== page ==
The Magical Marc Jacobs Look

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The unveiling of Marc Jacobs’ beauty look has become something of a New York Fashion Week tradition. Each season, editors gather at their allotted press time to be taken backstage to witness the designer’s latest head-to-toe vision. It’s the only show that François Nars is willing to roll out his makeup brushes for and hairstylist Guido Palau says he looks forward to it every single year. Palau says it’s because Marc’s preferred aesthetic plays into the fantasy of fashion and this means that together the three seasoned pros can just let go. “People sometimes ask me how to replicate a Marc Jacobs look at home and the answer is that you don’t,” laughed Palau before today’s show. “We’re making a Marc Jacobs statement here: You can’t try this at home.”

The legwork for this season’s particularly outlandish look started in July. Marc was inspired by his friend Lana Wachowski’s hair, which is full of woolen dreadlocks dyed in pink and blue, and asked Palau where they could find similar hair pieces—to which he had no clue. Google proffered the unlikely answer in the form of Florida-based, Jena Counts—a self-proclaimed Etsy mom who started “Dreadlocks by Jena” under a year ago. Jena was making the custom-cut dreads as a side hobby out of her home when Guido got in contact and persuaded her to take on her biggest order yet for the Spring 2017 show. She agreed to make 12,500 individual dreadlocks and dye them according to Jacobs’ precise instructions in varying tones of ombré pink, purple, blue, yellow, and green. Jacobs then flew Jena and her two daughters to New York and rented an apartment for them near his house, so that he could tweak the final colors of the dreadlocks up until the day of the show.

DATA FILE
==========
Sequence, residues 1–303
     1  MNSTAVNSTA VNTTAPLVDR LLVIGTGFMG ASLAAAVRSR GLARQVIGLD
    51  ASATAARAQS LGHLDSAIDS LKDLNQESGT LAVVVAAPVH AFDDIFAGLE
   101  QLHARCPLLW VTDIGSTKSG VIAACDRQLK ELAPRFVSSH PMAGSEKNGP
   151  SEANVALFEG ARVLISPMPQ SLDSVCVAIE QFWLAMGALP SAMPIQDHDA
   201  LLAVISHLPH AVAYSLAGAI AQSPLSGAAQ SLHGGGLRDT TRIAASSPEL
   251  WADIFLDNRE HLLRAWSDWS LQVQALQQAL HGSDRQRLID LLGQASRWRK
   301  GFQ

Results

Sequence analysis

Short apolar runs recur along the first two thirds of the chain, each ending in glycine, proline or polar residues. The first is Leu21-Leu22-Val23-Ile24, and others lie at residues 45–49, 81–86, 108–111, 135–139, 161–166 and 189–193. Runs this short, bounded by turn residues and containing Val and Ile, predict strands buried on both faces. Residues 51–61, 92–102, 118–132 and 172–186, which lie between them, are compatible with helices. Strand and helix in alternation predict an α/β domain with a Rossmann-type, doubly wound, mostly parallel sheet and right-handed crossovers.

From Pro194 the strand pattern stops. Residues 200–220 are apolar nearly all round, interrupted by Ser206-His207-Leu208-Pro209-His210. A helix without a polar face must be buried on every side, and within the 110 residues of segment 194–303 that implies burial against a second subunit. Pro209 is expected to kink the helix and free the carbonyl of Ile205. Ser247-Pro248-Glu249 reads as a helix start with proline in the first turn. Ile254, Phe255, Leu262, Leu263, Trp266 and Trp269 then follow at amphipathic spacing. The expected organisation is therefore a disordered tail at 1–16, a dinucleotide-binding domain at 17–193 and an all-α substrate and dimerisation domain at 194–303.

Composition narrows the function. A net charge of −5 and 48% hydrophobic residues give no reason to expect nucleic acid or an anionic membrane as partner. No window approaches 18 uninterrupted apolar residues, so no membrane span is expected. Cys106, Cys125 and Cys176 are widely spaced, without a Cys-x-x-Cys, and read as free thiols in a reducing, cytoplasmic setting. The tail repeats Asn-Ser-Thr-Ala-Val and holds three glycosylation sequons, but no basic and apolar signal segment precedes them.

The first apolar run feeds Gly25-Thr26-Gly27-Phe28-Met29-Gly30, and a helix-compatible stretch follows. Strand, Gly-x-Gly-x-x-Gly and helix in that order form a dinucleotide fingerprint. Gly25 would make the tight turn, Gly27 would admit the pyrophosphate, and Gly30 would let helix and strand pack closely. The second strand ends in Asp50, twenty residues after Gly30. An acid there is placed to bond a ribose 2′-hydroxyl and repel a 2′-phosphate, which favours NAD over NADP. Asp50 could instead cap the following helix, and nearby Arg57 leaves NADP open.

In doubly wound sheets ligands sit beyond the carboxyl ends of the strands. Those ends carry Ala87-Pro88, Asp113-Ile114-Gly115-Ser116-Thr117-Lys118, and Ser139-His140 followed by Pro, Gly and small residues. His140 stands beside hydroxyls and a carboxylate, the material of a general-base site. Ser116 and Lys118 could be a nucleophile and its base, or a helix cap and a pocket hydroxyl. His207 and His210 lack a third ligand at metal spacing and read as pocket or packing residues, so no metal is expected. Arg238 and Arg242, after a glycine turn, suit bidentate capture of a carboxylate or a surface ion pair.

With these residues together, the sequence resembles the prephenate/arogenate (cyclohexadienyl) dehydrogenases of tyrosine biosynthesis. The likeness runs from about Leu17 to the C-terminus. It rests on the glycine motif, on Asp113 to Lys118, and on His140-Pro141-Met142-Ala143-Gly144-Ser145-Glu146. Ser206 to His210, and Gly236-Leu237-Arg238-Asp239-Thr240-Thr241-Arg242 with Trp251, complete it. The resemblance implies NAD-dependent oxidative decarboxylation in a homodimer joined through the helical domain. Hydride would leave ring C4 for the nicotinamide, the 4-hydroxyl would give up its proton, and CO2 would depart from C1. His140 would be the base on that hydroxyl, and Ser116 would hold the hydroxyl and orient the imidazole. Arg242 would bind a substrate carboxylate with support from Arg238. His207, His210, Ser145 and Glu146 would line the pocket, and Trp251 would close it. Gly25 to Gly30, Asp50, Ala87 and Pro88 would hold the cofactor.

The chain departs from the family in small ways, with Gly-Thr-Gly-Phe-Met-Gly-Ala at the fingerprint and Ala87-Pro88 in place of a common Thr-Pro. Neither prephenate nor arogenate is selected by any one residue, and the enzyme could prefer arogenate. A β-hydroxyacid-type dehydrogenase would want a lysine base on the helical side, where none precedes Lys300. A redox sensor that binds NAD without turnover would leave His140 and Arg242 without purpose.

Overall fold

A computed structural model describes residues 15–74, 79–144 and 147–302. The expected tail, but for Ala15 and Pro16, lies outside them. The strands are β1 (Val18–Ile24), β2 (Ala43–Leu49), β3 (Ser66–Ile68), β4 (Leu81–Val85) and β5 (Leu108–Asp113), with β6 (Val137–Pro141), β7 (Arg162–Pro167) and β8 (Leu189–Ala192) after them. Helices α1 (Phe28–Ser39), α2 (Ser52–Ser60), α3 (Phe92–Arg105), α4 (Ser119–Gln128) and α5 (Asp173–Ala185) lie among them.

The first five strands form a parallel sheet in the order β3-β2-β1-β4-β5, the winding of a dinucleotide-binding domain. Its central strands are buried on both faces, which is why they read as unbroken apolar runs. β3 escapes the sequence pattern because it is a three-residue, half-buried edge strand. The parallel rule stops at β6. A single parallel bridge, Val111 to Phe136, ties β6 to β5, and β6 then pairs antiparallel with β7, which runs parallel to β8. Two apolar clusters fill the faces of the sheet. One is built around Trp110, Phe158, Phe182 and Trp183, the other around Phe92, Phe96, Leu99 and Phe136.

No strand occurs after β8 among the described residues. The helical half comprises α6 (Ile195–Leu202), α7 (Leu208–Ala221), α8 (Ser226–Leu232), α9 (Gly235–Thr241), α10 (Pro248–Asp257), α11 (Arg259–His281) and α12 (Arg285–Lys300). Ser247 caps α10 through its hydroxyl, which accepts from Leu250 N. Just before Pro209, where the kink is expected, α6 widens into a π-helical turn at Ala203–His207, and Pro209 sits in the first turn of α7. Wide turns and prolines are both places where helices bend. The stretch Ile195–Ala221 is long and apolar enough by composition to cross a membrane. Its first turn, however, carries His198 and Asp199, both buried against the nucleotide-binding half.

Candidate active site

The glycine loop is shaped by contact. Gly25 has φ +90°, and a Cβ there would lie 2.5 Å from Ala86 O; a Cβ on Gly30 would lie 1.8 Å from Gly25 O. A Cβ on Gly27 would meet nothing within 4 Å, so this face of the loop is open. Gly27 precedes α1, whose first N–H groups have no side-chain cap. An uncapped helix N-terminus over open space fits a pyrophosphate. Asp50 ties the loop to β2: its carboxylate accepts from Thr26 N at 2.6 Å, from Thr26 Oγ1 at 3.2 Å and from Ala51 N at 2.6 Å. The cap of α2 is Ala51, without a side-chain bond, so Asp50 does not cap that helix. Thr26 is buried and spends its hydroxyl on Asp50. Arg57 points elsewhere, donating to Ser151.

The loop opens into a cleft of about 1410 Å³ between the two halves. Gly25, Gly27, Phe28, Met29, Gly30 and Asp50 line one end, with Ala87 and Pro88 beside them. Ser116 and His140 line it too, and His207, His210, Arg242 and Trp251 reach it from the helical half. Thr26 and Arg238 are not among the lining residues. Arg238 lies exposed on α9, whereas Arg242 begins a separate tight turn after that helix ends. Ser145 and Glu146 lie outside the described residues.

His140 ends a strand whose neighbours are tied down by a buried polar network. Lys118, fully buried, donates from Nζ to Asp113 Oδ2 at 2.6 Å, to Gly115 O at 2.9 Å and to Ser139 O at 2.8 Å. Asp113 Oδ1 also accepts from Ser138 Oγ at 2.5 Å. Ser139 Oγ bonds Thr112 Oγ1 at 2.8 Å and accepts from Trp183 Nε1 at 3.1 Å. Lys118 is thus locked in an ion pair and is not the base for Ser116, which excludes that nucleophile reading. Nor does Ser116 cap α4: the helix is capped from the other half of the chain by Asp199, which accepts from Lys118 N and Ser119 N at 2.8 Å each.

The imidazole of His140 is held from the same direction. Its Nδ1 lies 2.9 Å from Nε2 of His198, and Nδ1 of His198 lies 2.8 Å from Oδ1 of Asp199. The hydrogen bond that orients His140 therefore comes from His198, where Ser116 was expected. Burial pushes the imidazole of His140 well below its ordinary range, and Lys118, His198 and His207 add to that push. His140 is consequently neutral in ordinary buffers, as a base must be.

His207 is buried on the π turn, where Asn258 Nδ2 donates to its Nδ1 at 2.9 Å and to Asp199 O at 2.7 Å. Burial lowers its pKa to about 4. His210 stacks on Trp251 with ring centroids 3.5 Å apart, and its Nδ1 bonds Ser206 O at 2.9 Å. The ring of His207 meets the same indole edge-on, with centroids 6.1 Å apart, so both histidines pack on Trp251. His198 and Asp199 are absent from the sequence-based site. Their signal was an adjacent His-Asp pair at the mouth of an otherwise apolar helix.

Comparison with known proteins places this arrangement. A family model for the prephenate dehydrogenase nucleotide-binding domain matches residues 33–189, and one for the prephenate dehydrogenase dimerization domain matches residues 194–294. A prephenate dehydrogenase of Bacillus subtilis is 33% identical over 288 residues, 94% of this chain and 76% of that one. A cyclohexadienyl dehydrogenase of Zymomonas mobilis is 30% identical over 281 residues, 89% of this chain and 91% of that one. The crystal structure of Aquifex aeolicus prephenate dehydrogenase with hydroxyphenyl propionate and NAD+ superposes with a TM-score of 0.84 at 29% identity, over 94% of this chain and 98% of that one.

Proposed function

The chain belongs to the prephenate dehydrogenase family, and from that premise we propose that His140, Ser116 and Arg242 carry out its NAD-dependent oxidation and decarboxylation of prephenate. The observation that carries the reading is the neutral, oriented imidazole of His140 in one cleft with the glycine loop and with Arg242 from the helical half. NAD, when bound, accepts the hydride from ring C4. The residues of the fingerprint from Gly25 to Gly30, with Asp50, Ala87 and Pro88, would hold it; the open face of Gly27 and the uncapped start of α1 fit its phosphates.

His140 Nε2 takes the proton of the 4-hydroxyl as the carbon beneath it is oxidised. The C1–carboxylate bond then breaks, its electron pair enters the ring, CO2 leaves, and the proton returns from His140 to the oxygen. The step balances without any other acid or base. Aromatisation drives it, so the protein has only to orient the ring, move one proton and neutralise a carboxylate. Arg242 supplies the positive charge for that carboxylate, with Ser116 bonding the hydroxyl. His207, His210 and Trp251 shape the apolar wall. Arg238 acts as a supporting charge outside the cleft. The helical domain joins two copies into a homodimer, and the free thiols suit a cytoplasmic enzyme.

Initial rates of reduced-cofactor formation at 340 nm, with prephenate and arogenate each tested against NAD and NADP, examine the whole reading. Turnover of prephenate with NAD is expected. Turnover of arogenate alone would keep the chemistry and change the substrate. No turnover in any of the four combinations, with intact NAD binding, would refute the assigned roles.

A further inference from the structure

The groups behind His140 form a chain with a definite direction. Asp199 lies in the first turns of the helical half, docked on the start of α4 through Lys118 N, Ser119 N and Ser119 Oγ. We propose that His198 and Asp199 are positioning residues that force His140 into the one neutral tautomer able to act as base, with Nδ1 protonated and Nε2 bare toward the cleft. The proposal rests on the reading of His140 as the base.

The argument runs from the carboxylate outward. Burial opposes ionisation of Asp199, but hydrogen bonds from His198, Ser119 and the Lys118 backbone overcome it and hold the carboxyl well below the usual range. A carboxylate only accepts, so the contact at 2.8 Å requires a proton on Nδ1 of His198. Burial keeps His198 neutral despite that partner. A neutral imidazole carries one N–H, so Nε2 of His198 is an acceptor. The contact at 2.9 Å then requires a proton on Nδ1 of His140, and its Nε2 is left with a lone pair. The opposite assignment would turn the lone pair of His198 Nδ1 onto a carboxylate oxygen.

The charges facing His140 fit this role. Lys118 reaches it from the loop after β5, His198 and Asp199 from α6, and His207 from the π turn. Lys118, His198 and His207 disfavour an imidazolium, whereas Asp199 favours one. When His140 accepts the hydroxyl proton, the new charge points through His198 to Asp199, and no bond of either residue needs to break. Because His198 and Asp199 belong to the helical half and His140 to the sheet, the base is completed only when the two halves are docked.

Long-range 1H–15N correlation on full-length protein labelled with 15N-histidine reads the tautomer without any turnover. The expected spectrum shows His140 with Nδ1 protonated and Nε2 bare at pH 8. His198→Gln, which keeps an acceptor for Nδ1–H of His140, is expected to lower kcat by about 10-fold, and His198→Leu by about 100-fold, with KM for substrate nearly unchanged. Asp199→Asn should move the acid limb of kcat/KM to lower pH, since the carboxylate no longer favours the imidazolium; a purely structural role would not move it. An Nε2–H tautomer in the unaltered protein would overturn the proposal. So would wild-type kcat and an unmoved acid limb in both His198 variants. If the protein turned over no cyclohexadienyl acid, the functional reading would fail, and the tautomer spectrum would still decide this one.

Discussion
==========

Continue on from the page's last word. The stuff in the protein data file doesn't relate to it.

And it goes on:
Japanese Harajuku girls, ravers, acid house dancers, travelers, Boy George, and Marilyn Manson in the ‘80s were among some of the other varied references that Jacobs gave Guido and Nars, but the end result—they all agreed—needed to be a streamlined kind of crazy, rather than a complete mish-mash of a look. “My main goal is to always make girls look beautiful, no matter what,” said Nars backstage. “So there needs to be a balance between the hair and makeup. This year, the hair took the center stage, so I had to come up with makeup that kept the whole thing feeling fresh, rather than totally mad.” To do this, he matched the color of Jena’s dreads to the color of the makeup and created six different looks, each with a soft pastel eye and brown—not black—false eyelashes. “We wanted the eyes to have some definition, but not to be heavy or obvious,” he explained. “Then lipgloss, some foundation, and nothing on the brows.”

To end, Nars gave some advice that we could take home: Whatever you put on your face, body, or hair, he said, take a step back and survey yourself as a whole before you complete the look. If it feels like two elements are competing for attention they probably are, so go back and try again. Eventually, you’ll find the sweet spot between casual eccentricity and just plain crazy.

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createdAt:Thu, 27 Jul 2017 18:04:40 +0000
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